|Men's 100 metres|
at the Games of the IV Olympiad
|Venue||White City Stadium|
|Dates||July 20 (quarterfinals) |
July 21 (semifinals)
July 22 (final)
|Competitors||60 from 16 nations|
| Athletics at the|
1908 Summer Olympics
|110 m hurdles||men|
|400 m hurdles||men|
|3200 m steeplechase||men|
|3 mile team race||men|
|3500 m walk||men|
|10 mile walk||men|
|Standing long jump||men|
|Standing high jump||men|
The men's 100 metres was the shortest of the sprint races at the 1908 Summer Olympics in London. The competition was held over the course of three days. The first round was held on 20 July, the semifinals on 21 July, and the final on 22 July. NOCs could enter up to 12 athletes,The event was won by Reggie Walker of South Africa, the first time the gold medal went to a nation other than the United States. The Americans did stay on the podium with James Rector's silver medal. Canada won its first medal in the event, a bronze by Robert Kerr.
This was the fourth time the event was held. Nathaniel Cartmell, the 1904 silver medalist, competed again in 1908, but gold medalist Archie Hahn did not. Other notable entrants included John W. Morton of Great Britain, the four-time AAA Championships winner; Reggie Walker, the 1907 South African champion; and Knut Lindberg of Sweden, the unofficial world record holder.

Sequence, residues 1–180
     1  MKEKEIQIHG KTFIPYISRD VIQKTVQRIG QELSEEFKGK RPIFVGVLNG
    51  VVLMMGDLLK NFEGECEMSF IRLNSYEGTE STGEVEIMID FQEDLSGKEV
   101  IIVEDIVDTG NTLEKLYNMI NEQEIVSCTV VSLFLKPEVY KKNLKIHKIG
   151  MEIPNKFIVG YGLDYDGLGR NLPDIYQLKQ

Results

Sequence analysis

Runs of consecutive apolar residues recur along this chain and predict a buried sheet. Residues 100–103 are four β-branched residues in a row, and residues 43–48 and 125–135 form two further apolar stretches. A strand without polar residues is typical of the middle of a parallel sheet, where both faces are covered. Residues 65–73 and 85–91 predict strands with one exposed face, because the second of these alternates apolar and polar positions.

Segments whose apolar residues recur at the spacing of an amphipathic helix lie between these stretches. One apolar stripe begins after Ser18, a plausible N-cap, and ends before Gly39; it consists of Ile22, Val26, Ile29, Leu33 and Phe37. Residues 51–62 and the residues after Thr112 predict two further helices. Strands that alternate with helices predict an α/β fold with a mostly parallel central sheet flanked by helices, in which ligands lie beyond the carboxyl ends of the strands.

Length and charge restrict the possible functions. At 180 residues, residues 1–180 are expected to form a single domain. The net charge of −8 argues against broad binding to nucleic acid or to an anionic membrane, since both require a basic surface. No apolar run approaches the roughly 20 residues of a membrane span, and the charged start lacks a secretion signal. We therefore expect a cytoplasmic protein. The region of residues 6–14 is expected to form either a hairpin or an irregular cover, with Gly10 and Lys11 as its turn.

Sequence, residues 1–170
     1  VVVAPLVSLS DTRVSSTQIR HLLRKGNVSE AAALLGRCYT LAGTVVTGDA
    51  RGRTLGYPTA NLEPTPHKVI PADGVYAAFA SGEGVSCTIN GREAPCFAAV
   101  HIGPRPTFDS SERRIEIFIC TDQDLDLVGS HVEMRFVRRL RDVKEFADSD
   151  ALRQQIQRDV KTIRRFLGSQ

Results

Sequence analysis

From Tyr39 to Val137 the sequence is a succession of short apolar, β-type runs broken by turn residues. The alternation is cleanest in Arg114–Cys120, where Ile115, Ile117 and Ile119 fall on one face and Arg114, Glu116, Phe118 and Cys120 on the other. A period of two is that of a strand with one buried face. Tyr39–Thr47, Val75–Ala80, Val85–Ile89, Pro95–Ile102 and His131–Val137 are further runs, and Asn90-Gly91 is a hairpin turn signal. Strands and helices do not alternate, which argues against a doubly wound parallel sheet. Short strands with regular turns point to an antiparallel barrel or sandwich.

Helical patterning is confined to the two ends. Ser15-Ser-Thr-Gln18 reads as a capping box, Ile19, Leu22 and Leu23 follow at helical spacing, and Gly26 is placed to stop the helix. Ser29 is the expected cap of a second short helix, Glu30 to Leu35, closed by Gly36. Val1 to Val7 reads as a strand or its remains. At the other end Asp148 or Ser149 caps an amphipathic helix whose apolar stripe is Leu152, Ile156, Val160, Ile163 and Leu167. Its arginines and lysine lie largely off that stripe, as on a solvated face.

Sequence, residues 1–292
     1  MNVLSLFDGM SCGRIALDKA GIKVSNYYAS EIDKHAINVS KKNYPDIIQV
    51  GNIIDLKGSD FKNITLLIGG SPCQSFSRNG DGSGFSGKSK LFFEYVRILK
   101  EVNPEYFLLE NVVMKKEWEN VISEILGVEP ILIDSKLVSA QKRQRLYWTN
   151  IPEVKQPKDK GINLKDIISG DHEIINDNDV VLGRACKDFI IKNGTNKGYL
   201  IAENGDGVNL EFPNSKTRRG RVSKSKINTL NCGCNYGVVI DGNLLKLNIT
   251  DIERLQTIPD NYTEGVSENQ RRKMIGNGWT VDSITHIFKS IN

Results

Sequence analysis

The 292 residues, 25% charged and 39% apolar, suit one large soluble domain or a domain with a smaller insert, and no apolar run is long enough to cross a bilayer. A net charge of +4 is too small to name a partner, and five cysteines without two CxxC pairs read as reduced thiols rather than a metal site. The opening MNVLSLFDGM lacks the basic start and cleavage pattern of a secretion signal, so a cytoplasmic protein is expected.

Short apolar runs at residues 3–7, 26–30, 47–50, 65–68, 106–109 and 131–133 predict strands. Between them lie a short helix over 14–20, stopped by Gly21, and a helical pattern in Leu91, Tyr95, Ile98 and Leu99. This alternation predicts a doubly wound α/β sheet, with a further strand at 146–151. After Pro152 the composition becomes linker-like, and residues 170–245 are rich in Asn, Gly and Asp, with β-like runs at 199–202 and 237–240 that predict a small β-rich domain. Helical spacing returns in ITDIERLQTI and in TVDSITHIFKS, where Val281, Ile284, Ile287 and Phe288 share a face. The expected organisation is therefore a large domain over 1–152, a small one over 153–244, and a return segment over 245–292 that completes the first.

Austria, Belgium, Finland, the Netherlands, Norway, and South Africa were represented in the event for the first time. The United States and Hungary were the only two nations to have appeared at each of the first four Olympic men's 100 metres events.
With a larger field than in 1904, the event expanded from two rounds to three: heats, semifinals, and a final. Only the top runner in each heat, of which there were 17, advanced to the semifinals. These 17 semifinalists were divided into 4 semifinal heats; again, only the top runner advanced to the final.
These were the standing world and Olympic records (in seconds) prior to the 1908 Summer Olympics.
|World Record||10.6(*)||Knut Lindberg||Gothenburg (SWE)||August 26, 1906|
|Olympic Record||10.8||Frank Jarvis||Paris (FRA)||July 14, 1900|
|10.8||Walter Tewksbury||Paris (FRA)||July 14, 1900|
James Rector (in the 15th heat and the third semi-final) and Reggie Walker (in the first semi-final and final) both equalized the standing Olympic record. Reggie Walker's actual time in the first semi-final was 10.7, but was rounded up to the nearest fifth in accordance with rules in force at the time, so his time was given as 104⁄5.